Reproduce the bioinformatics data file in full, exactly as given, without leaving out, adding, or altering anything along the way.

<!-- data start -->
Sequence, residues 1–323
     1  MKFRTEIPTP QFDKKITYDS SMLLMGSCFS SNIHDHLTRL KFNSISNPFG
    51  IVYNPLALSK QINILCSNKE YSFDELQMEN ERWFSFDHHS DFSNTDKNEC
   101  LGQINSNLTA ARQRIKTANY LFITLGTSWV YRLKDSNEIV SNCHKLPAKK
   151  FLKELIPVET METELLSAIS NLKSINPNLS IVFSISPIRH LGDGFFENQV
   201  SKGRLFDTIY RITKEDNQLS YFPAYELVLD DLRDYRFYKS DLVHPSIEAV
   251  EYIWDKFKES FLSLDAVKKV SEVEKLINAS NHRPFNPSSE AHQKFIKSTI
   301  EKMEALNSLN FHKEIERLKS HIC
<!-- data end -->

Sequence, residues 1–323
     1  MKFRTEIPTP QFDKKITYDS SMLLMGSCFS SNIHDHLTRL KFNSISNPFG
    51  IVYNPLALSK QINILCSNKE YSFDELQMEN ERWFSFDHHS DFSNTDKNEC
   101  LGQINSNLTA ARQRIKTANY LFITLGTSWV YRLKDSNEIV SNCHKLPAKK
   151  FLKELIPVET METELLSAIS NLKSINPNLS IVFSISPIRH LGDGFFENQV
   201  SKGRLFDTIY RITKEDNQLS YFPAYELVLD DLRDYRFYKS DLVHPSIEAV
   251  EYIWDKFKES FLSLDAVKKV SEVEKLINAS NHRPFNPSSE AHQKFIKSTI
   301  EKMEALNSLN FHKEIERLKS HIC